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Sex and the City & Mill?

April 4, 2011

With all my exams over until finals week, I planned to party this entire weekend. So, of course I was pretty angry when I got sick all of a sudden, and had to cancel all my plans to stay in bed the entire time. I decided to watch Sex and the City reruns on my laptop, and as soon as I finished Season 4 Episode 10, the only thing that ran through my mind was “Deja Vu! This is exactly what Mill was talking about!”

In the episode, Samantha wants a job from hotel tycoon Richard Wright, but he refuses to hire a woman, and his reasoning is that “women are too emotional”… and that the fact that she slept with the head architect of the company. She replies saying “If I was a guy, you would’ve shaken my hand, bought me a scotch, and given me a key to an office. Its amazing, a man with such innovative vision could be so short-sited.” The next day she got the job. Simultaneously, in the episode before, Charlotte decided to quit her job, and among her reasons, she mentions that it was her husband’s suggestion.

With his piece “The Subjection of Women,” John Stuart Mill can be considered one of the earliest feminists of his time. He talks about the role of women in marriage and how it should be changed.  Women are expected to fit the role of “submission, and yielding to the control of others” and this “ideal of character is the very opposite to that of men.” (Mill 659) This is shown clearly in both examples in the episode. Samantha has the qualities and achievement necessary for the job, but because she is a woman, she is expected to be “overly emotional” and the fact that she slept with someone at the firm, her personal business, is assumed to impair her ability to work with men at the company. Thus, her boss decides to only hire her if she pairs with a “more stable” male partner. After she points out his act of discrimination and furiously leaves the office, the next day she gets the job, showing that her words impacted Wright and because of her outburst, she justly got the job she deserved.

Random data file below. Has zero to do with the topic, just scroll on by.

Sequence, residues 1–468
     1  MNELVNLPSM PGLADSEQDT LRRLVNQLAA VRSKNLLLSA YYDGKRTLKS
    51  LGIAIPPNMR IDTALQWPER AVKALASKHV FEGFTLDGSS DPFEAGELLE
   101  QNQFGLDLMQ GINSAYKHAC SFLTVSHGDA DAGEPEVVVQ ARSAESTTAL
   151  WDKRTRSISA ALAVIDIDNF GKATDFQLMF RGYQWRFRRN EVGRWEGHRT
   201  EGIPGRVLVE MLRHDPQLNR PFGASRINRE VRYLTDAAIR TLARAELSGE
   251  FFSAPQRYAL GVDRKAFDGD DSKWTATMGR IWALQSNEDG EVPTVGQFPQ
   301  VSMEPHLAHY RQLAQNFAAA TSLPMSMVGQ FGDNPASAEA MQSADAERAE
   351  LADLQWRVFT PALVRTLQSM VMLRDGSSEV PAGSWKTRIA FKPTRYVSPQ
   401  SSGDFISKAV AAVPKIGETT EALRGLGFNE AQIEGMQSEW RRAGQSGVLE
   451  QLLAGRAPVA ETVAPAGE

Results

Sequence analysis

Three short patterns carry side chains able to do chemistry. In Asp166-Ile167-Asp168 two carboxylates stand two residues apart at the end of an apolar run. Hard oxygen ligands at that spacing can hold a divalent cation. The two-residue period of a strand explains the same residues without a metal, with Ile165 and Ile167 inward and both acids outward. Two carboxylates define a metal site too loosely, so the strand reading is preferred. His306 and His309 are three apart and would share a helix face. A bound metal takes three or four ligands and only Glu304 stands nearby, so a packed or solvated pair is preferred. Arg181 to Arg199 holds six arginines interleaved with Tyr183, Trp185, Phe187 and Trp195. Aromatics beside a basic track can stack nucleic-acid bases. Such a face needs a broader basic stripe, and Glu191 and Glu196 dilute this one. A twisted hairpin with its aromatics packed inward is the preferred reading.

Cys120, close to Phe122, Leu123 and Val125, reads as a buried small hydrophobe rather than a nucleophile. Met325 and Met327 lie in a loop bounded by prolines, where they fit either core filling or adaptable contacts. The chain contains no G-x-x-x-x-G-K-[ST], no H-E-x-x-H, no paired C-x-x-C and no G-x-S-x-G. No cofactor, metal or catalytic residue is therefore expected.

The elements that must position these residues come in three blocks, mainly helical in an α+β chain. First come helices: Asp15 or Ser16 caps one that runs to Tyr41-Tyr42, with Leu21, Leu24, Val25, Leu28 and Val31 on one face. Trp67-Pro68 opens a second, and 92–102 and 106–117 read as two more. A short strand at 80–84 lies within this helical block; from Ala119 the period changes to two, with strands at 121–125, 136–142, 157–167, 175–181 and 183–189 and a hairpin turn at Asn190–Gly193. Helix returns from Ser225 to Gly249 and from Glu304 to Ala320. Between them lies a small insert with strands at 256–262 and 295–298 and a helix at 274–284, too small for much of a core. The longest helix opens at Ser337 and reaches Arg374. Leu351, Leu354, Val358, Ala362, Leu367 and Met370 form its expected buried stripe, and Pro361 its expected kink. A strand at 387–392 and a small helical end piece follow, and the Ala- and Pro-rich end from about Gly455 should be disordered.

Even in Charlotte’s case, her husband expects her to quit her job now that they are trying to have a baby, supporting Mill’s argument that men expect women to be submissive and listen to them all the time. While there is some logic to the argument of staying at home when raising a child, in the end, the choice to quit her job should be Charlotte’s decision alone, and her husband should not be pushing her in either direction.

This is how I believe the events in this particular Sex and the City episode reflects Mill’s argument regarding the role of woman in society.

6 Comments
  1. Brian Fisher permalink
    April 4, 2011 3:37 PM

    Sex in the City does in fact show show comparison to Mill’s assessment of women. I definitely agree that Mill would not tolerate such discrimination that Samantha inflicted. Additionally, I think Mill would support Samantha’s tantrum against her boss because Mill wants everyone to share their opinions. In doing so, it allows individuals to further argue their point which helps them gain more insight on their opinion. Also, it allows the unpopular opinion to come out through conversation and this can perhaps be the right opinion. In all, I agree with how you assess Samantha’s actions with Mill’s opinion of the subjection of women

  2. Josh Platko permalink
    April 4, 2011 5:31 PM